# Stored procedure to describe the reason that a particular employee is unsuitable for a particular task

I used the following Stack Overflow questions as references for writing this code:

The idea behind my stored procedure is to give an explanation of why a particular worker is unsuitable to care for a particular patient under specific circumstances. For example, you obviously can't assign an RN to do physical therapy visits.

I have a Disciplines table, which has a structure that's kind of like this:

--------------------------------------------
| Discipline | Discipline ID | Other Field |
--------------------------------------------
| RN         | 1             | 2           |
--------------------------------------------
| PT         | 2             | 5           |
--------------------------------------------
| CNA        | 3             | 7           |
--------------------------------------------
| MD         | 4             | 23           |
--------------------------------------------


Obviously this is hypothetical data and I've modified the column names a bit (this is mostly for illustration).

What I want is to retrieve the list of Disciplines as a single string and concatenate it with an existing string. Workers might have several disciplines. (This is determined in a table that's not shown). An example of one possible output would be The worker does not have the appropriate disciplines. They have the following discipline(s): RN, PT (if that employee is both a RN and a PT - not too likely, obviously, but let's assume that they are).

I haven't included the entire stored procedure, but this is pretty representative and is the main part that I'm looking for a critique of:

 -- @IsAppropriate is a bit type
SELECT @IsAppropriate = dbo.fnCheckIfWorkerHasDisciplineForSvc(@BusinessUnitID, @WorkerID, @ServiceTypeID, GetDate(), GetDate())

IF @IsAppropriate = 0
BEGIN
SET @output = 'The worker does not have the appropriate disciplines. They have the following discipline(s):'

CREATE TABLE #Result
(
Discipline nvarchar(max),
IsPrimary bit,
EffectiveDate DateTime,
EndDate DateTime
)

-- Get which discipline a particular worker practices (PT, MD, RN, etc.)
INSERT #Result EXEC spGetWorkerDiscipline @WorkerID

DECLARE @disciplines nvarchar(max);

-- Get them as a nice list
SELECT @disciplines = coalesce(@disciplines + ', ', '') + Discipline from #Result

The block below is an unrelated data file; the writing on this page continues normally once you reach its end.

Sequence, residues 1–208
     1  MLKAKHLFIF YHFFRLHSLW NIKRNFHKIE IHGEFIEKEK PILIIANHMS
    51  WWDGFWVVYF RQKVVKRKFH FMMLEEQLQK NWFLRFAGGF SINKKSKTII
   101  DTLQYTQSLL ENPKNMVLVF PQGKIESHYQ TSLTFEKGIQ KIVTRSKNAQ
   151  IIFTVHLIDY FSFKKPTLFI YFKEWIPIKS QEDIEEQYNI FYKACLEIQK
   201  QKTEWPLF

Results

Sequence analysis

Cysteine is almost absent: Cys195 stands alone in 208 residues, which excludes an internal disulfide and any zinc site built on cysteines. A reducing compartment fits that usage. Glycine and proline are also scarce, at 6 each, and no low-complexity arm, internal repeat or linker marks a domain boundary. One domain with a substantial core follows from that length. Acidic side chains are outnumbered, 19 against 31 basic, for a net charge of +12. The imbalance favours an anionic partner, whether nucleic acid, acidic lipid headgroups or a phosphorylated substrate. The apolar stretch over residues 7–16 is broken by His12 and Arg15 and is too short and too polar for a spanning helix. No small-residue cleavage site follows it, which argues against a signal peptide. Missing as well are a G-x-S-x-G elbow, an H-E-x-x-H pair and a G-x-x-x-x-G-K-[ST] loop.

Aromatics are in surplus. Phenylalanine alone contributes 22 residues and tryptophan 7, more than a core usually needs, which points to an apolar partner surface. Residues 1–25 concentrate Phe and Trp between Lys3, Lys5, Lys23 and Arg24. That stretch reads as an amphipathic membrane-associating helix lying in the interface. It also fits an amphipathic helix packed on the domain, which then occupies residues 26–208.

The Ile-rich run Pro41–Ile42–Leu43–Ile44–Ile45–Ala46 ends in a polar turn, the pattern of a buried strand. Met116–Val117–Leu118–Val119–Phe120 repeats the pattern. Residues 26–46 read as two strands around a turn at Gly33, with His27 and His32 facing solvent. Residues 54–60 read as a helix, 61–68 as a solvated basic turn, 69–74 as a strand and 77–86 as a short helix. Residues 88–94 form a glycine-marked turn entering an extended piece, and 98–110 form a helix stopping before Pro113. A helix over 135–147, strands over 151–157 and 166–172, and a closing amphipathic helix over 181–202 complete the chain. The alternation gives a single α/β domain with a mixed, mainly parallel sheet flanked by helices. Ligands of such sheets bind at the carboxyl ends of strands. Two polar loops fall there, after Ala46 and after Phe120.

SET @output = @output + @disciplines

DROP TABLE #Result

-- Skip the rest of the stored procedure
-- See comments below - is this a terrible thing to do?
GOTO eom
END

-- Check some other reasons that the worker might be inappropriate...

-- Return the resulting string to the user
eom:
select @output


I verified that the query does, in fact, work. However, I have a few concerns:

• Is using GOTO like that in SQL really terrible? If so, is there a better way to accomplish the same thing? I'm almost embarrassed to post code that contains it, since I'm aware that, in general, GOTO is considered harmful.
• Will I take a performance hit for creating and dropping a temporary table like that? Could some of the other suggestions in the linked posts be a better choice here?
• Am I inappropriately mixing my architectural layers by creating a string for use on the front end in the database like this? (I'm using ASP.NET Web Forms).
• Your approach to string concatenation is not guaranteed. stackoverflow.com/questions/15138593/… – Martin Smith Mar 12 '17 at 19:16
• You could change GOTO eom to SELECT @output RETURN in each of your IF blocks. If your #Result table is the same for all IF blocks then just declare it outside of all of the blocks (once). Also, I'd check to see if it exists first with if object_id('tempdb..#Result') is not null drop table #Result or you may prefer a table variable. Lastly I think a function in your application layer could handle this but it's more preference than anything. – scsimon Mar 13 '17 at 16:09
• As an aside, using a if x then goto instead of a while can perform better than a typical while loop. I'm not sure if this is the case in more recent sql server versions but it's true in 05 and 08 at least. Also, have you tried using OPENQUERY in place of the temp table? – PenutReaper Apr 9 '17 at 3:35

• As mentioned in the comments, this is undefined behavior: SELECT @val = @val + ColumnName FROM AnyTable. As such, you should avoid it. If you need to, use STUFF or STRING_AGG instead
• When creating a temp table, (n)varchar columns should specify their collation (e.g. COLLATE DATABASE_DEFAULT ) to avoid errors in case server collation and database collation differ.
• Using RETURN or a chain of IF ELSE IF etc is going to raise fewer eyebrows than GOTO